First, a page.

Huawei: Australia has banned us from selling 5G tech

Joshua Bennett
August 24, 2018

People walk past a Huawei sign at CES (Consumer Electronics Show) Asia 2018 in Shanghai, China June 14, 2018.

Like their US counterparts, Australian security authorities have for months anxious Huawei's ties to the Chinese government opened a possibility that its equipment could be used for espionage, drawing increasingly pointed denials from the firm.

The Chinese government has reacted angrily to the Australian government's decision to bar Huawei from Australia's 5G network, saying it was "gravely concerned". Pressure to push the companies out of the U.S. has only mounted in recent months and now, other countries are following suit.

Chinese tech company Huawei said on Thursday that the Australian government has blocked it from providing 5G technology for the country's wireless networks.

The Australian government said Thursday that companies that are "likely to be subject to extrajudicial directions from a foreign government that conflict with Australian law" wouldn't be able to guarantee security of the network.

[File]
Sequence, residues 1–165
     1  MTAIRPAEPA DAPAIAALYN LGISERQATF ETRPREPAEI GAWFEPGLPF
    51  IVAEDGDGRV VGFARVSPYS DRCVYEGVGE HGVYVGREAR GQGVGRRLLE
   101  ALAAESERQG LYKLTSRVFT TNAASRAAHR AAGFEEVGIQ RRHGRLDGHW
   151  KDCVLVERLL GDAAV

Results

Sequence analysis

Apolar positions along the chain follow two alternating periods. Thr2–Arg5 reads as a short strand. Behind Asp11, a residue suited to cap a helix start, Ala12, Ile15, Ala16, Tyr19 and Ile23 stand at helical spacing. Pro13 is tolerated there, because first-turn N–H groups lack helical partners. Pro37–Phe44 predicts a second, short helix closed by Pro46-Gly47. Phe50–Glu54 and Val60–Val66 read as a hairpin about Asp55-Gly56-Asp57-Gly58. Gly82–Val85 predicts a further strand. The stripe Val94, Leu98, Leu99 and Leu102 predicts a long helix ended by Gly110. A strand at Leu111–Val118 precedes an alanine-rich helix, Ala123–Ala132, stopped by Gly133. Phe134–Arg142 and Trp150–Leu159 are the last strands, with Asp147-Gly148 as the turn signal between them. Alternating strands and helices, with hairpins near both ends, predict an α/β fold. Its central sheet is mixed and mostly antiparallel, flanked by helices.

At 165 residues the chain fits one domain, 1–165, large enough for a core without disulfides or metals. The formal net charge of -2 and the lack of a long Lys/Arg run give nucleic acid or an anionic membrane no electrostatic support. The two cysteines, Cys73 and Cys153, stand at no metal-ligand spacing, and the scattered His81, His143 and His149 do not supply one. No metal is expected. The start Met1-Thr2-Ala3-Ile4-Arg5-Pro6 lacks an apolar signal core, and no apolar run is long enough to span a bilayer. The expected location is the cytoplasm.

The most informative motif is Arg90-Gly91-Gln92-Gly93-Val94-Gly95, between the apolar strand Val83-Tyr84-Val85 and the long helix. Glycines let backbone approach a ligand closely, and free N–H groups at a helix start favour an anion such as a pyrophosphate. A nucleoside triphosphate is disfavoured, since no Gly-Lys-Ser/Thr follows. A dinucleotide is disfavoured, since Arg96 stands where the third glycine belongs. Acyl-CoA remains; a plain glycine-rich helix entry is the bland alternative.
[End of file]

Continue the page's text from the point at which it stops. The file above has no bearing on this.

According to a statement issued by the office of Senator Mitch Fifield and acting Minister for Home Affairs Scott Morrison, the government has undertaken an extensive review of the national security risks to 5G networks.

The decision also affects ZTE Corp, a Chinese telecommunications equipment company that makes mobile devices sold in Australia through Telstra, Optus and others.

ZTE hasn't publicly commented on the matter.

Last year, Australia's government brought in rules requiring telecommunications companies to ensure they protect networks from unauthorised interference or access that might threaten national security.

Organizations and individuals in China are required by law to aid in the government's intelligence efforts, making Huawei's technology a potential instrument of espionage. However, unlike the US, Huawei has never been frozen out of the market and has been a supplier in the Australian market for 15 years and counts Vodafone, Optus and TPG among its customer base.

In Beijing, Chinese foreign ministry spokesman Lu Kang said China expressed "serious concern", adding that Australia should not "use various excuses to artificially erect barriers".

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